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Apple HomePod (2nd generation) Speaker Review

Tested using Methodology v0.8
Review updated Feb 13, 2024 at 01:59 pm
Apple HomePod (2nd generation) Picture
7.2
Music
6.0
Videos/Movies
6.5
Podcasts
9.2
Voice Assistant
4.5
Outdoors

The Apple HomePod (2nd generation) is a stylish home speaker with built-in Siri for hands-free control. It has a similar design to the original Apple HomePod (1st generation) with support for immersive Spatial Audio tracks found on certain streaming platforms. However, it adds some new features for an improved sound. For example, its bass-EQ microphone is designed to maintain a steady response in the lower frequencies, even when you listen at low volumes. This speaker is ideal for those who already own products in the manufacturer's ecosystem, but it doesn't offer sound customization tools like other smart speakers on the market.

Our Verdict

7.2 Music

The Apple HomePod 2 is decent for music. Like most premium devices on the market, it has a room correction tool that automatically adjusts its output based on your room's unique acoustic characteristics. Voices and lead instruments are clear and present in the mix, and there's a touch of extra brightness in the treble. Also, this speaker can reproduce a more extended low bass than its predecessor, which is great for fans of bass-heavy music like EDM and hip-hop. That said, you can't customize its sound at all, and it has to downmix stereo content into mono, which is disappointing for such a premium speaker.

Pros
  • Room correction tool.
  • Extended low-bass.
Cons
  • No sound customization tools.
  • Downmixes stereo content into mono.
6.0 Videos/Movies

The Apple HomePod 2 is adequate for watching videos from your paired device. Dialogue is reproduced with clarity, and its extended low bass ensures you feel some rumble in more action-packed scenes. However, this speaker doesn't get as loud as other models on the market, so it can't bring a full cinematic sound. Plus, it has to downmix stereo sound into mono to play it back.

Pros
  • Extended low-bass.
  • Apple AirPlay compatibility.
Cons
  • No sound customization tools.
  • Downmixes stereo content into mono.
6.5 Podcasts

The Apple HomePod is fair for podcasts. Dialogue is reproduced with clarity right out of the box, meaning you can follow along with your favorite shows with ease. It gets loud enough to fill an average-sized room with sound, too. However, due to its wired design, you can't bring it with you to different rooms in the house, so you're limited to one spot when you listen. You'll need to buy multiple units if you want to spread sound to different rooms in your house using its multi-room function.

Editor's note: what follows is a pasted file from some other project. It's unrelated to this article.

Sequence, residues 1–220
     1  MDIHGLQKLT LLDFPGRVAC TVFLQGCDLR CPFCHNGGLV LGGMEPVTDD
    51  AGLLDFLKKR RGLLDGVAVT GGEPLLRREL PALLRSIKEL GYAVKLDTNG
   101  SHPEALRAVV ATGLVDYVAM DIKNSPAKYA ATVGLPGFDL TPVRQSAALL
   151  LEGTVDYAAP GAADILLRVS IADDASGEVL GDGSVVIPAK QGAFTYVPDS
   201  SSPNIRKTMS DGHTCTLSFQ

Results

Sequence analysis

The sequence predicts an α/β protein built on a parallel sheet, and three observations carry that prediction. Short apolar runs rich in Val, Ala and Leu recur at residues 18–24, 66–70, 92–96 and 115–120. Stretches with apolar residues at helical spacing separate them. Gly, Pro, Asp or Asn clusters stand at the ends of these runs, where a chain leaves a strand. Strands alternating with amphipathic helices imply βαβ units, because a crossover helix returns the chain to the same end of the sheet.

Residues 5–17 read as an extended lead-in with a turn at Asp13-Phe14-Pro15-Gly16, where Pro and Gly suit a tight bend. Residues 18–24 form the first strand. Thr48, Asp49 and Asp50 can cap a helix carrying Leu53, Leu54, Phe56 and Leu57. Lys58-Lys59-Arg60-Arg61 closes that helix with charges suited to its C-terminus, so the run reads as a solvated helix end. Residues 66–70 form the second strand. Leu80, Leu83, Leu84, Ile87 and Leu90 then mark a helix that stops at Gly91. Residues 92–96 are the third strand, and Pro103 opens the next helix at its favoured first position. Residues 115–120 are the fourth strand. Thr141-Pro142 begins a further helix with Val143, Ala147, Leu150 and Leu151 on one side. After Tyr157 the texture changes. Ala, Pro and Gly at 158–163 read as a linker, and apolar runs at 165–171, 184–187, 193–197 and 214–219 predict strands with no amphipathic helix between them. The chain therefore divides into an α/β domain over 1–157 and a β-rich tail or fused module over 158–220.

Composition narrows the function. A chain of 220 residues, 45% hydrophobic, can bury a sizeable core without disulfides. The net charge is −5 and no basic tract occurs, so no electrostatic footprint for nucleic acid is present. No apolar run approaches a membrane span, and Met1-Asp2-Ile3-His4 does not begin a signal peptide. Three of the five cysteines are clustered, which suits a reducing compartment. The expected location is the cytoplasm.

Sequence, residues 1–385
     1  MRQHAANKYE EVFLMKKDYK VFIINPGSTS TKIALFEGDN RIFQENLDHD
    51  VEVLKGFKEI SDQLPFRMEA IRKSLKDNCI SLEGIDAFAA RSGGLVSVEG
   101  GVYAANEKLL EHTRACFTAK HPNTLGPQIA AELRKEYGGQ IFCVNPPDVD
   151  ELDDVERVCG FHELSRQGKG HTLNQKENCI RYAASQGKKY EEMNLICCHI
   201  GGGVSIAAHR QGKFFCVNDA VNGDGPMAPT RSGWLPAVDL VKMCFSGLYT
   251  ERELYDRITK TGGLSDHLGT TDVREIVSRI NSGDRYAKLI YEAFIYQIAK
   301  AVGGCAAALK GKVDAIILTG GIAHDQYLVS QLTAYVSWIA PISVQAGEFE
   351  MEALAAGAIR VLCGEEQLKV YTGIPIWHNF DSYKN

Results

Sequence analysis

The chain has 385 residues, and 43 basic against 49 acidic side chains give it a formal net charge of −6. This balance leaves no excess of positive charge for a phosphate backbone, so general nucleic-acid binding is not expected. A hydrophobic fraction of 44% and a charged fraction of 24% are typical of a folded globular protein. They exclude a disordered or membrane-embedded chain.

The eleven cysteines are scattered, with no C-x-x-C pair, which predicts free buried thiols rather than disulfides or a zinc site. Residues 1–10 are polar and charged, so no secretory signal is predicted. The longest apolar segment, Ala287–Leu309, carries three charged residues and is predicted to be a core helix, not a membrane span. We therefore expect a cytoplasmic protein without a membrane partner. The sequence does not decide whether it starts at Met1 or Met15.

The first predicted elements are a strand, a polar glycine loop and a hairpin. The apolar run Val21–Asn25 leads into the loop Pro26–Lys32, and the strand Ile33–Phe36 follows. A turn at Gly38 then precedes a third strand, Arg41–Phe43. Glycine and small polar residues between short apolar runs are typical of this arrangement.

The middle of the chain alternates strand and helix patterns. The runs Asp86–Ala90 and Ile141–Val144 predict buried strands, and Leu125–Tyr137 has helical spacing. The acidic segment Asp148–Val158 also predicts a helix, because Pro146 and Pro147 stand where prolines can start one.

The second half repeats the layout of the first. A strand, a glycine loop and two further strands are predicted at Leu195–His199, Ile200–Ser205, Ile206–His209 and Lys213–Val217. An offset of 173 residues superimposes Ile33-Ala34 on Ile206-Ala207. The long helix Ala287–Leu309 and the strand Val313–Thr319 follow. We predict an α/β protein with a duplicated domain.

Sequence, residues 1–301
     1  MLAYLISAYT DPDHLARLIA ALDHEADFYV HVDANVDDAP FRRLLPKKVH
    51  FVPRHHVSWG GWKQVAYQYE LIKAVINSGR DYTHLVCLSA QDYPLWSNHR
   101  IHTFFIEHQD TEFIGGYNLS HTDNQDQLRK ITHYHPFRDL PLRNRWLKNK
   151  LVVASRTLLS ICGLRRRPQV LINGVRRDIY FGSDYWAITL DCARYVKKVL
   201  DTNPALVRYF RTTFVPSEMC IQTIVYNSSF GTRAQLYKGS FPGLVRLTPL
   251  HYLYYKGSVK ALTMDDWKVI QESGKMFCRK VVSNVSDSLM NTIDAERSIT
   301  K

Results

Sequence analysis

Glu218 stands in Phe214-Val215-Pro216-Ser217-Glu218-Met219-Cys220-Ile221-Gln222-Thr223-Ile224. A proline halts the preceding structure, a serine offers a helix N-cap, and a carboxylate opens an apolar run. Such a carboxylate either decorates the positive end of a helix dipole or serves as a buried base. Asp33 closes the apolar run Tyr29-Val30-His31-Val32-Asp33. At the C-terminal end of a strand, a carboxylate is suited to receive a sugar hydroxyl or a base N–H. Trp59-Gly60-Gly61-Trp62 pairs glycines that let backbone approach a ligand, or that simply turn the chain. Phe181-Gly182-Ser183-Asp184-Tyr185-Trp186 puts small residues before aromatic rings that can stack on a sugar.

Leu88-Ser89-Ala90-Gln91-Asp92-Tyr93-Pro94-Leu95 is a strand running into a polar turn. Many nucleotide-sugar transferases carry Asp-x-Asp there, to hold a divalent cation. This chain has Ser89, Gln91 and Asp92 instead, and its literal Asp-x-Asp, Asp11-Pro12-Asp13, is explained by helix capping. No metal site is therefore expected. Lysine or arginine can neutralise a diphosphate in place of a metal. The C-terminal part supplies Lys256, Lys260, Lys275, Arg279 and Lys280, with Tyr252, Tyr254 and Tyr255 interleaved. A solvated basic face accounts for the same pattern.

Pros
  • Room correction tool.
  • Apple AirPlay compatibility.
Cons
  • No sound customization tools.
  • Wired-only design.
9.2 Voice Assistant

This Apple HomePod is fantastic for voice assistant use. Built-in Siri lets you activate the device using only your voice, meaning you can enjoy hands-free control of your smart devices. The speaker easily understands your commands, too, even if you're further away or in a noisier environment. While there isn't a physical microphone mute button, you can ask Siri to stop listening when you want more privacy.

Pros
  • Room correction tool.
  • Built-in Siri.
Cons
  • No sound customization tools.
4.5 Outdoors

The Apple HomePod isn't meant for outdoor use. It's a wired-only speaker that has to be connected to an outlet to use.

  • 7.2 Music
  • 6.0 Videos/Movies
  • 6.5 Podcasts
  • 9.2 Voice Assistant
  • 4.5 Outdoors
  1. Updated Feb 13, 2024: While there aren't any changes in the test results, we've updated the text for clarity and consistency across reviews.
  2. Updated May 08, 2023: Added comparison to the Bose Smart Soundbar 900 in the Frequency Response Accuracy box.
  3. Updated Apr 20, 2023: Added market comparison with the Sonos Era 100 in the App box.
  4. Updated Apr 03, 2023: We subjectively evaluated the performance of two Apple HomePods stereo paired together in the App box.
  5. Updated Mar 15, 2023: Following community feedback, we decided to perform additional testing to confirm that this is a mono speaker. You can learn more in theSoundstage box.
  6. Updated Feb 28, 2023: Review published.
  7. Updated Feb 23, 2023: Early access published.
  8. Updated Feb 21, 2023: Our testers have started testing this product.
  9. Updated Feb 15, 2023: The product has arrived in our lab, and our testers will start evaluating it soon.
  10. Updated Feb 02, 2023: We've purchased the product and are waiting for it to arrive in our lab.

Differences Between Sizes And Variants

The Apple HomePod is available in Midnight and White color variants. While we tested the Midnight variant, we expect the White variant to offer similar performance. You can see the label for the model we tested here.

However, if you encounter another version of this speaker, please let us know in the forums, and we'll update our review.